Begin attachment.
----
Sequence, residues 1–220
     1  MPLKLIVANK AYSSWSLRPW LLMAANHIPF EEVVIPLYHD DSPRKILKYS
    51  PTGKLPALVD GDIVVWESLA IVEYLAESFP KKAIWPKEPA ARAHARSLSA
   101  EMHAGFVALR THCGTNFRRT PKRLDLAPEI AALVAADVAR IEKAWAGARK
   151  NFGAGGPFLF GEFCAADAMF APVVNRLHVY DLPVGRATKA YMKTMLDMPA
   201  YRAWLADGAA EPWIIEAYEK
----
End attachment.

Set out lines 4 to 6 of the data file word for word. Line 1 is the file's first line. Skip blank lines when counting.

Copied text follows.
   101  EMHAGFVALR THCGTNFRRT PKRLDLAPEI AALVAADVAR IEKAWAGARK
   151  NFGAGGPFLF GEFCAADAMF APVVNRLHVY DLPVGRATKA YMKTMLDMPA
   201  YRAWLADGAA EPWIIEAYEK